Maggie is a different kind of zombie film but unfortunately, in this case, different does not mean good. Maggie stars Arnold Schwarzenegger and Abigail Breslin in a film that made the rounds on the film festival circuit but had only a limited theatrical run.
The film is set several months into a global pandemic of a disease known as the Necroambulist virus, which turns infected humans into zombies, albeit on a much slower level than in traditional zombie films. Schwarzenegger is Wade Vogel and Breslin plays his daughter Maggie. Maggie has been infected by the virus for which there is currently no cure. Wade is allowed to take Maggie home to enjoy a few days with friends and family until the virus progresses to the point where she must be quarantined.
Were it not for the zombie aspect of the plot Maggie might well be a film about a person suffering from the effects of any terminal illness such as cancer. Maggie and her parents do their best to make the final days as normal as possible, if not downright boring. Maggie visits for a final time with her high school friends, including a boy she likes named Trent who is also infected with the virus.
Director Henry Hobson takes a radically different approach to the zombie film genre by looking at humanistic side of things and how the effects of the virus on Maggie and her parents. This isn’t something you normally see in zombie films where the victim generally turns shortly after they die. The Necroambulist virus works slowly, turning its victim’s blood black, and their eyes pale, along with giving them a greater sense of smell and eventually a ravenous hunger.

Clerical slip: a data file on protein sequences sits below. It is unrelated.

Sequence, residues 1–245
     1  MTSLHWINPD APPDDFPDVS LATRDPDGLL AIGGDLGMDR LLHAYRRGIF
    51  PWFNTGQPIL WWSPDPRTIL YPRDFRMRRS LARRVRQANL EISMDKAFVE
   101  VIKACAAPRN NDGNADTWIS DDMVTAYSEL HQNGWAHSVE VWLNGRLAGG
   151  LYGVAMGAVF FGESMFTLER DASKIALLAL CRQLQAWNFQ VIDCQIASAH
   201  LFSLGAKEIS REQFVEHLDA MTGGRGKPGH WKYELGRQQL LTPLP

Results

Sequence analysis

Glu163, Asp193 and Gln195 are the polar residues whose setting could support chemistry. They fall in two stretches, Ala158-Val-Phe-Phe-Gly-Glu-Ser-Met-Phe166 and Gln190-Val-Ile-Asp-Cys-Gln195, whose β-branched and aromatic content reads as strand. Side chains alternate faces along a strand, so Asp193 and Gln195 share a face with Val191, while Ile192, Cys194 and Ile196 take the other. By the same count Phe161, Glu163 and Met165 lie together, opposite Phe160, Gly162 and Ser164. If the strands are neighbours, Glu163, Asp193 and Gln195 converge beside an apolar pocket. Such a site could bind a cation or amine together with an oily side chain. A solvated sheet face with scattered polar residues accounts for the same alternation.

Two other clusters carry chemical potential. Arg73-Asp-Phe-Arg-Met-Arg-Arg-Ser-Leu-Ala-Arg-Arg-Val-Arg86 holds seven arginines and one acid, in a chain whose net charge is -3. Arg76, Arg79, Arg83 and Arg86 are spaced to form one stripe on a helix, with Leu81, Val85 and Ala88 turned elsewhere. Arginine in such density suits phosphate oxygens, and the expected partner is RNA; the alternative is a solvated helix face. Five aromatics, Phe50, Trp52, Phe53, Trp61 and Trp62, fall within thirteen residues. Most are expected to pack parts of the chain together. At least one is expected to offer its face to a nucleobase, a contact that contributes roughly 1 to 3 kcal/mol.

Wade soon finds himself having to fend off the local cops who want to forcibly take Maggie into quarantine at the hospital where she will be placed into holding areas with other infected people. Maggie’s degeneration eventually threatens to fracture her parent’s relationship as they bicker over how to deal with her illness.
Schwarzenegger, Breslin, and Joely Richardson all give top-notch performances. For Schwarzenegger in particular, it presents a rare chance for him to show genuine emotion which we rarely have seen in his many action films. There’s no questioning the emotional pull of Maggie. Anyone who has watched a loved one struggle with a terminal illness will be moved by the Vogel’s plight.
However, bottom line is that Maggie is still a zombie film and under that banner it fails to connect. Wade encounters a couple of zombies early on in the film, and they are the traditional Romero-esque slow-moving zombies but after that, nothing. For a global pandemic there is a dearth of zombies to be found. There are so few zombies that high school kids have no fear of gathering for a bonfire out in the middle of nowhere. There’s no conflict, no sense of terror over what might be lurking in the darkness. Throughout the snail’s pace of the film you keep waiting for something to happen but it never does.
Maggie is a different kind of zombie film but it simply doesn’t have enough horror elements to appeal to most fans of the undead.
“Making Maggie” Featurette
Cast & Crew Interviews
Audio Commentary with Director Henry Hobson